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UK govt rejects CMA’s calls to tighten resale laws

The business secretary says he is "not convinced" about the need for additional legislative changes in the secondary ticketing market

By James Hanley on 11 May 2023

TicketOne criticises AGCOM for named ticket law, lack of action against secondary sites

The UK government has rejected the recommendations of the British competition regulator to tighten laws around online ticket touting.

In a 2021 report, the Competition and Markets Authority (CMA) proposed stronger rules to deal with illegal activity on non-price-capped secondary ticketing sites, including measures to clamp down on the bulk-buying of tickets as well as the practice of “speculative ticketing”, where sellers list tickets they don’t yet own.

Other suggestions included ensuring platforms are fully responsible for incorrect information about tickets that are listed for sale on their websites, and a new system of licensing for platforms that sell secondary tickets that would enable an authority to act quickly and issue sanctions.

However, in the government’s response, business secretary Kevin Hollinrake MP says he is “not convinced” by the need for additional legislative changes.

“I am not convinced that the additional costs that would fall on ticket buyers (as regulatory costs would be passed on) are justified by the degree of harm set out in your report,” says Hollinrake. “This is especially the case when we are already proposing to give the CMA additional administrative powers to protect consumers which the CMA could deploy in the secondary ticketing market.

“However, we propose to keep the position on maximum numbers of ticket resales under review as part of our ongoing monitoring of the legislative landscape in the ticketing market and in the light of technological, enforcement and other market developments.”

“It appears the uncapped market may still provide a service of value to some consumers”

He continues: “The government notes and agrees with the CMA recommendation that there should not be a ban on the uncapped secondary ticket market. Whilst both the way tickets are sold and used are changing and there is a growing authorised capped ticket resale market to help those who can no longer use their purchased ticket, it appears the uncapped market may still provide a service of value to some consumers.”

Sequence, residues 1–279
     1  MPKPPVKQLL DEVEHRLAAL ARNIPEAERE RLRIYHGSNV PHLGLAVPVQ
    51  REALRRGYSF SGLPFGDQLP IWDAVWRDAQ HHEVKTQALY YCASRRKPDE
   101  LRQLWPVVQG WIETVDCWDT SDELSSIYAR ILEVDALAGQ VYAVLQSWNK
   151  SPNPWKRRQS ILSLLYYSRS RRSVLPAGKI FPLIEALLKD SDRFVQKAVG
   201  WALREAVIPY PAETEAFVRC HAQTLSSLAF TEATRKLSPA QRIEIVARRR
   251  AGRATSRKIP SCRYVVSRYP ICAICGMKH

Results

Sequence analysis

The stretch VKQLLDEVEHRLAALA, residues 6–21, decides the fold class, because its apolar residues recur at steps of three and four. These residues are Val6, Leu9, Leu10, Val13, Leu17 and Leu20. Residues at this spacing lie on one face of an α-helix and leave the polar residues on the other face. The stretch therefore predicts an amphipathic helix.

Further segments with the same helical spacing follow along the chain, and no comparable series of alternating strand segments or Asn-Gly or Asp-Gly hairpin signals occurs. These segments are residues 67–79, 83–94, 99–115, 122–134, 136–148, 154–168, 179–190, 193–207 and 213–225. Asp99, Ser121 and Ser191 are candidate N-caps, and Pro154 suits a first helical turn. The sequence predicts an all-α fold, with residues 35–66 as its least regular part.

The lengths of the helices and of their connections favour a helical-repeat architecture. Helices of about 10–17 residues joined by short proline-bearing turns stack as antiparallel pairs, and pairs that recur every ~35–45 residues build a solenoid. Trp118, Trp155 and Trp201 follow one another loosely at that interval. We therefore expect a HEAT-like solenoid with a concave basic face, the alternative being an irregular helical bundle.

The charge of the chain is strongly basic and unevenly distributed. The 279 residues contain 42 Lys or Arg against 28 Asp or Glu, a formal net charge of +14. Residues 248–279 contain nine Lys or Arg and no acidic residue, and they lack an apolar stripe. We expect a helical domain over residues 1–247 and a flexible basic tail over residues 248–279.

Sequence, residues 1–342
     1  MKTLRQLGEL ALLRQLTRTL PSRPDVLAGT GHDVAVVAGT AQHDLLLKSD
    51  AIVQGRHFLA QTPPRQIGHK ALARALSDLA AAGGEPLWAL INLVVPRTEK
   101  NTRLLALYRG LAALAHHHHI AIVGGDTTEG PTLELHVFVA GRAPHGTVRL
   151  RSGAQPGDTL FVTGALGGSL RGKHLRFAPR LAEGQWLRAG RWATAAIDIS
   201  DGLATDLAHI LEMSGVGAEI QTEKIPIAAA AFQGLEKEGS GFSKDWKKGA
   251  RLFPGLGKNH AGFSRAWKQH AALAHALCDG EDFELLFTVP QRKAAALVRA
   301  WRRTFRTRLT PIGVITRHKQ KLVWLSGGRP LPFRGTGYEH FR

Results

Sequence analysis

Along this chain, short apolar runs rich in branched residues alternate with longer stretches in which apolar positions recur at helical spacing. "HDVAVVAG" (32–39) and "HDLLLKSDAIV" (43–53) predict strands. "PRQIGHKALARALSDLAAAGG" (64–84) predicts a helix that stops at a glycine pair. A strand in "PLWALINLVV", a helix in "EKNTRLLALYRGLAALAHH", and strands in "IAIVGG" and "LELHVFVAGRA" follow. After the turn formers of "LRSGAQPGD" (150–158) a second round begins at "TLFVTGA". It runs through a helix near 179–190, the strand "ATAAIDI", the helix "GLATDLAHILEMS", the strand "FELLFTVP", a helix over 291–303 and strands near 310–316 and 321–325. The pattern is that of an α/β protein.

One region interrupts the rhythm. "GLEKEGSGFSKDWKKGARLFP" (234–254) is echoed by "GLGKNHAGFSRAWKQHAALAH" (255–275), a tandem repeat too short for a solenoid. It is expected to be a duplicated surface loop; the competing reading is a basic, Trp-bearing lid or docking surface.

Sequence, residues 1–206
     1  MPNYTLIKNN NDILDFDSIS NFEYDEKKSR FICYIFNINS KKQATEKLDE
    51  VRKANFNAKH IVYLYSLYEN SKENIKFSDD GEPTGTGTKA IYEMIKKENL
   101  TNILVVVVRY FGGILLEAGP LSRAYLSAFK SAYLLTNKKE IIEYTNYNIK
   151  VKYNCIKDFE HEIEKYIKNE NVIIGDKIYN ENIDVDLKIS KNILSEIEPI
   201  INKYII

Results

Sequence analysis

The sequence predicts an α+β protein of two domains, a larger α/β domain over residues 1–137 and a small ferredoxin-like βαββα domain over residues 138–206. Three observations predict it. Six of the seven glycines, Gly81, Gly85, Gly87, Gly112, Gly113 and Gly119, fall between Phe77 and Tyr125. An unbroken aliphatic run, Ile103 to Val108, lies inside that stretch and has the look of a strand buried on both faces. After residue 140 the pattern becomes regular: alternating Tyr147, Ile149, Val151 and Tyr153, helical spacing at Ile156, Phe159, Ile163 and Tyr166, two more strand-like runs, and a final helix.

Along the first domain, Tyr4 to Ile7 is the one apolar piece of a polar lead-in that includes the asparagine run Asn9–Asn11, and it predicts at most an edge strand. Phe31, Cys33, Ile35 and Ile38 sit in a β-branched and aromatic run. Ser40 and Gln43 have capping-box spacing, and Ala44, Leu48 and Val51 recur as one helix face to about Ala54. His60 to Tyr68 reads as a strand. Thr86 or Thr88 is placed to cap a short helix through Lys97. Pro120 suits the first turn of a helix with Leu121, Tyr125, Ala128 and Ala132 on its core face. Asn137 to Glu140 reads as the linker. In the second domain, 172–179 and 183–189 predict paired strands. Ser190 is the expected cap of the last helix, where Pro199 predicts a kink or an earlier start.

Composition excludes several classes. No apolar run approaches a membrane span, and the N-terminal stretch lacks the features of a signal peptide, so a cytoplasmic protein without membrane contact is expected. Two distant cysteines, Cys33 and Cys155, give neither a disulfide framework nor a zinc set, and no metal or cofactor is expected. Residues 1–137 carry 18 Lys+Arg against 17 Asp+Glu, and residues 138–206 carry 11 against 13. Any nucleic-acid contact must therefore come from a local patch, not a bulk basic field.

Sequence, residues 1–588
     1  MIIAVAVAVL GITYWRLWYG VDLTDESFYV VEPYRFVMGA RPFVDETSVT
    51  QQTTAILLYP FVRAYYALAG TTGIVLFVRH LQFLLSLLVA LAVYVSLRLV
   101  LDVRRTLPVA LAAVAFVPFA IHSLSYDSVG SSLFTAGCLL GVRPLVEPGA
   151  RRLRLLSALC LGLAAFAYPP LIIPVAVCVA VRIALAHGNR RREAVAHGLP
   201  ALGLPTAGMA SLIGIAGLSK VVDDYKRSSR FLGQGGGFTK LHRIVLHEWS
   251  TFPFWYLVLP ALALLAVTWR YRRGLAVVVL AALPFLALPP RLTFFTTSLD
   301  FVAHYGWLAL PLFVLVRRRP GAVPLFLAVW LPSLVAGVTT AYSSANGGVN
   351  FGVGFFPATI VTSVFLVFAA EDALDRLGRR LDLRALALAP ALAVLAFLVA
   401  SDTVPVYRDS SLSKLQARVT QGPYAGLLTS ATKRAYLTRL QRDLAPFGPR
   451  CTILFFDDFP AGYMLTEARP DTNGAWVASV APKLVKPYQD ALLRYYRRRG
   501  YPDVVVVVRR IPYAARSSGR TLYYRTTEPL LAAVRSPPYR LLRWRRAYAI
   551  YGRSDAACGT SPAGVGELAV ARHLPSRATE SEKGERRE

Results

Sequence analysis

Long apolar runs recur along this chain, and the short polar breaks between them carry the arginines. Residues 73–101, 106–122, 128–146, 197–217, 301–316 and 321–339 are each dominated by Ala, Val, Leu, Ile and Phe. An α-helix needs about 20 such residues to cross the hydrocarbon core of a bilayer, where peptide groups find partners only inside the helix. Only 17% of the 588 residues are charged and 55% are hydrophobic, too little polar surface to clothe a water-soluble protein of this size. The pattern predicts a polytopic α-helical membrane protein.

Hollinrake argues that is “too soon to conclude that the only way forward is further legislation focused on this market”.

“As you are aware, there are a number of improvements to other aspects of consumer law which we have now published in our response to the 2021 consultation,” he adds. “These will be our priority in the immediate future, rather than changes to the secondary ticketing regime specifically.”

“The government has effectively given bad actors a free pass to continue acquiring tickets in bulk to popular events and to engage in speculative and fraudulent selling”

Sharon Hodgson MP, chair of the APPG on ticket abuse, says the group is “struggling to understand” why the government has turned down the CMA’s recommendations.

“In August 2021, the CMA made it clear to the government that a handful of additional safeguards could help reduce the scale of unlawful online ticket touting, and better protect consumers,” says Hodgson. “Nineteen months on, and all their recommendations have been rejected. We are still struggling to understand why, and on what basis.

“Rather than improving the capacity of enforcement agencies to clamp down on malpractice, the government has effectively given bad actors a free pass to continue acquiring tickets in bulk to popular events and to engage in speculative and fraudulent selling. These individuals can make extraordinary profits at the expense of ordinary fans who are left ripped off and out of pocket.

“The UK is rightly proud of its live event industry, but an uncontrolled black market risks harming the consumer experience and wreaking untold damage on the sector overall.”

“The experiences of consumers appear to have been overlooked entirely”

Adam Webb, campaign manager of UK-based campaign against industrial-scale online ticket touting FanFair Alliance, shares similar sentiments.

“In August 2021, the Competition & Markets Authority published a series of common sense recommendations to the government that aimed to further protect consumers from being ripped off by unscrupulous ticket touts and parasitical ticket resale sites,” he says. “These included new measures to clamp down on the unlawful bulk-buying of tickets and large-scale speculative fraud, where rogue traders list tickets for sale that they do not possess. Research by FanFair Alliance has shown these problems remain rampant on certain secondary ticketing platforms.

“Nineteen months down the line, and, despite overwhelming evidence of continuing bad practice, the government has today comprehensively rejected the CMA’s advice – without, we believe, consulting with experts, campaigners or the live music industry.

“The experiences of consumers appear to have been overlooked entirely. Although much progress has been made in recent years to tame the UK’s black market for tickets, FanFair Alliance shares the views of the CMA that further action is still required to tackle these evident and ongoing problems with online secondary ticketing.”


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